If Canonical had its way, OEMs would make sure Ubuntu ran well on their hardware before shipping it. But most OEMs don’t, so Ubuntu developers have resorted to the next best thing: crowd-sourcing hardware validation to users via the Ubuntu Friendly program, which is almost ready for prime time. Ubuntu Friendly is an open hardware validation programme for desktops, netbooks and laptops that will be developed during the Oneiric cycle and that will allow to validate as “Ubuntu Friendly” those systems that are known to work well with a particular release of Ubuntu, based on test results sent by Ubuntu users.
The project, envisioned as a community-based complement to the certification program Canonical already maintains, stood to broaden the hardware profiles on which Ubuntu was known to run well and make the lives of users easier. (more…)
The Linux computer operating system turned twenty in August this year. But, despite having reached that fine age (in computer terms), it remains on the fringe, with relatively low usage levels. Mostly, it has suffered from its reputation for being complicated, with many thinking it’s exclusively for geeks and nerds who know each line of code by heart.
But the reputation is undeserved. Linux hardly makes any special demands on users and is far easier then Windows or Mac OS, once you become accustom to the user interface.
Another reason that Linux it is not very popular, is due to the fact that OEM’s, are locked into Windows due to licensing with Microsoft, but that is slowly changing and set to become rather sub-standard now due to Android. (more…)
Linux is one of the most secure and stable operating systems around, and yet even with Android devices becoming ubiquitous with 550,000 plus activations daily, you would think that Linux would be more prevalent on the computer desktop. Obviously, on the back end side of the network, Linux servers do support the majority of the web and those services we are normally expect, namely Google, Facebook and a host of others.
However, what about the rest of us? However, if you, like any other Linux user, are disappointed by the current market share stats, we can tell you some simple tips that will help you convince your Windows or Mac-crazy friends into using Linux.
Now, many Linux users have already tried to coax their friends and family members to try out this popular and newbie-friendly distro called Linux Mint. A select few have succeeded and many have failed. So here, we will give you some important tips to help you spread the word about Linux without sounding like that arrogant nerd who has nothing but contempt for Windows or Mac.
Show, don’t tell
Yes, this is the first and the most important thing you need to do if you have to convince a Windows or a Mac user into using Linux. Ubuntu, Linux Mint and many other distros look extremely beautiful, and honestly, the latest version of Ubuntu (Ubuntu 11.10) looks just as good as a Mac. But hey, if you’re just going to just tell that to them do you think they’ll believe you? Even if they do believe you, they’ll still have no idea what Ubuntu or whatever you’re talking about looks like. My suggestion is, you take your own Linux laptop, hand it over to them and let them play around with it. If you’re on Ubuntu I’d recommend opening a new Guest session and handing over the laptop to them. That way, they’ll have a better idea as to how beautiful even an uncustomized desktop looks like. If, at all, it is impossible to show the desktop to your friend, send him or her a YouTube video of the desktop.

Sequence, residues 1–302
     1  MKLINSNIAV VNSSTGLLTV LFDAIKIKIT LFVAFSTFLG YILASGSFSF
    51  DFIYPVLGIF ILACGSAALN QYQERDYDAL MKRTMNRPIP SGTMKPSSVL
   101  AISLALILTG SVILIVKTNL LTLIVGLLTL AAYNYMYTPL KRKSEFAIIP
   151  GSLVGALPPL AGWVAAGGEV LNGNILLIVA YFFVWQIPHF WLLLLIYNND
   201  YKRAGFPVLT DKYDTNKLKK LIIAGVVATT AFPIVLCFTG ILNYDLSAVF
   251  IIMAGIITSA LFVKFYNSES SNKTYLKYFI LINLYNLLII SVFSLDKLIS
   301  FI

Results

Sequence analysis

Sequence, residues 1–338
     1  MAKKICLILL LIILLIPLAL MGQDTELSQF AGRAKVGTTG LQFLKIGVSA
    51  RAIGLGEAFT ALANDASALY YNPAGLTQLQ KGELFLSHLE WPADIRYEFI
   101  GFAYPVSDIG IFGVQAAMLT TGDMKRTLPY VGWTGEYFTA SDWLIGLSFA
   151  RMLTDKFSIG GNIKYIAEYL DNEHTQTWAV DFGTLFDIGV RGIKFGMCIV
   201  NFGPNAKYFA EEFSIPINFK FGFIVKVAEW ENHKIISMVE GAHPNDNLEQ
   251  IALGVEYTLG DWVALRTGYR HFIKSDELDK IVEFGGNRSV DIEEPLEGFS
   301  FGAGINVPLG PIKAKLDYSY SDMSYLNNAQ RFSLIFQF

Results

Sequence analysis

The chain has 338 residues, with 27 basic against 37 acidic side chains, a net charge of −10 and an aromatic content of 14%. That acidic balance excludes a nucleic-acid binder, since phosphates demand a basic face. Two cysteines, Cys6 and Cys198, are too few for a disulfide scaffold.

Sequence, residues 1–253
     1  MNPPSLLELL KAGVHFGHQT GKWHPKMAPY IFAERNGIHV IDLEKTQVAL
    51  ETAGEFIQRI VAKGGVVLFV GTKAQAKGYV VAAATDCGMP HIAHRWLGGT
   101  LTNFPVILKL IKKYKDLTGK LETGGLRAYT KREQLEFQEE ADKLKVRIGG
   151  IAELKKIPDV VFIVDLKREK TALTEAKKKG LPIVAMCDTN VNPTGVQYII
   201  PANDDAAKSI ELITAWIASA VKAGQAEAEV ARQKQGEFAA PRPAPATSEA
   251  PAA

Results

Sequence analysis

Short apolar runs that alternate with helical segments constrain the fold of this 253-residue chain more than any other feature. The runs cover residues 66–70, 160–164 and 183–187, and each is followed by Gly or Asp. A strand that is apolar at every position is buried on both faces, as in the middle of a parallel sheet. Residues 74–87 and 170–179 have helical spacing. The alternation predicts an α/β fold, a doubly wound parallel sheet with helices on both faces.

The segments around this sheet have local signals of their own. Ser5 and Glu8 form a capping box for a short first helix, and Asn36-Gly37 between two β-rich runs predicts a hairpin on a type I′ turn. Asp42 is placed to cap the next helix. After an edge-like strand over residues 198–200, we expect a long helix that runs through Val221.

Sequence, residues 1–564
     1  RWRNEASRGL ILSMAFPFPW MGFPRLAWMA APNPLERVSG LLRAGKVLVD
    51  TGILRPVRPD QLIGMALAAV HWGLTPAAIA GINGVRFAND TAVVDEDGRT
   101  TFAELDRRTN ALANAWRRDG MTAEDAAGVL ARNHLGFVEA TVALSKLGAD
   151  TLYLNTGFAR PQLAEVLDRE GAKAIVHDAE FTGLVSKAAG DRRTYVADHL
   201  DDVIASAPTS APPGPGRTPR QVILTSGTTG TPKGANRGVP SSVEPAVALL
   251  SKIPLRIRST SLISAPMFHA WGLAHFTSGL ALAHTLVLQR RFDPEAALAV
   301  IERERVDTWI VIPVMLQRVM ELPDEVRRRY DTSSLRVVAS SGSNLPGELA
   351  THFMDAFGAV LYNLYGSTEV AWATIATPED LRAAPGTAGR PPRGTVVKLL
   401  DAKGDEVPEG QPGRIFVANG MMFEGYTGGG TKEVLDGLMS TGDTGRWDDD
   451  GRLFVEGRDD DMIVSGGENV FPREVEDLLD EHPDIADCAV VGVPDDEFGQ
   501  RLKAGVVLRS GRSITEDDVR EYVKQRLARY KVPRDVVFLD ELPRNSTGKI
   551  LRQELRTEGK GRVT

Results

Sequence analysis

Stop telling them Windows is bad, they already know it
For a Linux user trying to convince a Windows user into the light side, there’s always the Windows-bashing that comes in handy. At least that’s what many Linux users think. Windows-bashing is great, everyone curses that dreaded operating system, but there’s no point telling a Windows user about it. I’m pretty sure he or she already knows about it. There must at least be a thousand Windows users cursing Microsoft even as you’re reading this article. But no way are they going to switch to something different. I wrote about why that is yesterday: http://jet-computing.com/linux-deters-computer-viruses/
If they get stuck
Don’t emphasize on the “free” part
Don’t, and I say it again; don’t ever start your pitch with the “free” part. In fact, it would be better if you drop the whole thing out of the conversation. Sometimes, they’re so impressed by Linux that they eventually end up asking you about its cost. Just look at them casually and say “it’s free” and wait for their reaction.